Recommendations for resources for education, faith formation, activities at home, recreational options, places to go. Your own suggestions are very welcome!
With the coronavirus, people are looking for places outdoors where families can spend time together hiking and exploring.
Three great venues for day hikes are available in the Tulsa area. Here they are:
- Redbud Valley: Redbud Valley offers a rugged one mile trail that takes hikers through a variety of habitats, ranging from flood-plain forest and shady north-facing slopes to limestone bluffs and dry upland forest. It’s located northeast of Tulsa at 16150 Redbud Drive, Catoosa, OK 74015. Hours are limited so check on current information at oxleynaturecenter.org/redbud.
- Ray Harral Nature Center, Broken Arrow. Offers hiking trails, picnic tables and more. For more information and a map of the hiking trails, go to click here.
- Rogers Conservation Education Preserve: Located on the campus of Rogers State University in Claremore. Rogers Conservation Education Reserve is a 1.6 mile moderately trafficked loop trail located near Claremore, Oklahoma that features beautiful wild flowers and is good for all skill levels. It features a large, scenic pond. The beginning of the trail is not well marked and can be hard to find. Get a map of the campus here. For something involving a longer drive, there are some nice hiking trails at the Tallgrass Prairie Preserve just north of Pawhuska. Devil’s Den State Park north of Fort Smith, Arkansas, is a great place for families and offers camping. Greenleaf State Park east of Muskogee has some nice trails and a beautiful lake. Another great spot in Arkansas is White Rock Mountain, which offers spectacular views of the surrounding area. The trail at White Rock goes along the top of cliffs and has no barriers, so it can be very dangerous for younger children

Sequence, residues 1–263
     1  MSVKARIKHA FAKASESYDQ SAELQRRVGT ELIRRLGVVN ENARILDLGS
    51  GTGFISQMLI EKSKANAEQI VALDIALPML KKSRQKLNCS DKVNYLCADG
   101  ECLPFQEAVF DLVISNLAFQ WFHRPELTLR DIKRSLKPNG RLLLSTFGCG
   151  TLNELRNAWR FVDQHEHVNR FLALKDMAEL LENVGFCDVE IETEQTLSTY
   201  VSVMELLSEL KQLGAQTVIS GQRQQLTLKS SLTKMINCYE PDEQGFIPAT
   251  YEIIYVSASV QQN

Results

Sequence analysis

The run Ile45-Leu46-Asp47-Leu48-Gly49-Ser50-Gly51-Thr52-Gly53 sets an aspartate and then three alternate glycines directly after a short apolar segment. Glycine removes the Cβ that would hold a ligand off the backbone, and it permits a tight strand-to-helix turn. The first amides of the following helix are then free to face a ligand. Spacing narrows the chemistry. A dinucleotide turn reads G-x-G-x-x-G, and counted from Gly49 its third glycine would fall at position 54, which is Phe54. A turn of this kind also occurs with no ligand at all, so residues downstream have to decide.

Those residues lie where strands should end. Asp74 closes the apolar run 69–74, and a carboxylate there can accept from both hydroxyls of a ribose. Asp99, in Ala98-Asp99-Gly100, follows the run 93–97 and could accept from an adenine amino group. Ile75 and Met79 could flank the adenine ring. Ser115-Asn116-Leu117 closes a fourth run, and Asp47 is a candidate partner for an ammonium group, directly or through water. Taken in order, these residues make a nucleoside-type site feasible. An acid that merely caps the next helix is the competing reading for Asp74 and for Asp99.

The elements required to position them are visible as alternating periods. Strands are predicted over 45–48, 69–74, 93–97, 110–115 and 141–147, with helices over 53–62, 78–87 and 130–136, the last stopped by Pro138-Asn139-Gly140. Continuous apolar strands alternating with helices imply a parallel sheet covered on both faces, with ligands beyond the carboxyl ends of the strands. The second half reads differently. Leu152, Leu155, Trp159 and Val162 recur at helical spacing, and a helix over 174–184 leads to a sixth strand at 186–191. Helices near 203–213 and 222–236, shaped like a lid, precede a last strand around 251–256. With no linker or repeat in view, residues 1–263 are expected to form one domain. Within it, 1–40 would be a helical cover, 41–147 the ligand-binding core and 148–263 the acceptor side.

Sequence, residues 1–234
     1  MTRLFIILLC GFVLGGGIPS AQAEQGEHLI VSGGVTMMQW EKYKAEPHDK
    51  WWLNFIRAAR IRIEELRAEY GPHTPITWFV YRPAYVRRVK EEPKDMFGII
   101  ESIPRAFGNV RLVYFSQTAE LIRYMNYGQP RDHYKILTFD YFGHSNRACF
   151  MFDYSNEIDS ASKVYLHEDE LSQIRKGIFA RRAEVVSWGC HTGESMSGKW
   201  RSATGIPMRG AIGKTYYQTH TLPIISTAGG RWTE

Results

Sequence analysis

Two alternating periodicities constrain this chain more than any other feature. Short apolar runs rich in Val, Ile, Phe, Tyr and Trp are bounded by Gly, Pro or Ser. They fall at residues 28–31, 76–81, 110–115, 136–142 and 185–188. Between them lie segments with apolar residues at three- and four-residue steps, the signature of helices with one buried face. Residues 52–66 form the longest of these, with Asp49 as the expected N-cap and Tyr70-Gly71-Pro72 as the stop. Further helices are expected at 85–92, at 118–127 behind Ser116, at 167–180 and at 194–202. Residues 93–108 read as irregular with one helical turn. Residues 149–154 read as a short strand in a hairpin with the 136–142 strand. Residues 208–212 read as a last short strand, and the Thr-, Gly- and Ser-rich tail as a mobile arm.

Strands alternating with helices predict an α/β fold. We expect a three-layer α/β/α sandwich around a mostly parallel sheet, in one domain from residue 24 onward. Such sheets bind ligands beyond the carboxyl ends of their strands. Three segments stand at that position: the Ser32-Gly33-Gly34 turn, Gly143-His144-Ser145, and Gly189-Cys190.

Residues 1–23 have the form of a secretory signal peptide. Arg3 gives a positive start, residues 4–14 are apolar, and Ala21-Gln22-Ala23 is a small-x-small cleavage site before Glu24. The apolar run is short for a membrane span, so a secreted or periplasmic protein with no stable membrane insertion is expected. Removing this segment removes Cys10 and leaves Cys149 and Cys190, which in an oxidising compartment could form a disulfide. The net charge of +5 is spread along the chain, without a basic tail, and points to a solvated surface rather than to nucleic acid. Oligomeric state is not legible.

Fall Driving Tours: Since we’re approaching the time to take a driving tour to see beautiful foliage, here are a couple of suggestions:
- Talimena Scenic Drive: About a 50 mile drive from Talihina, Oklahoma to Mena, Arkansas. Always a big favorite. Can involve more traffic on fall weekends. For more info, click here.
- One of my favorites is to get to Kingston, Arkansas, then take Hwy 21 east. At the intersection with Hwy 43, you can (but don’t have to) take Hwy 43 north towards Ponca, which is very close to the Buffalo River. There are several things to do there, including hiking on the Lost Valley Trail. For a beautiful driving tour, though, back at the intersection of Hwy 21 and Hwy 43, go south on Hwy 21 for as long as you want. It is one of the most beautiful drives available anywhere near us. The only snag is figuring out the best way to get back to Tulsa. The best bet is to stay on Hwy 21 to U S 64 just east of Clarksville, Arkansas. Go west on 64 through Clarksville and connect with Int. 40 west which will get you back into Oklahoma.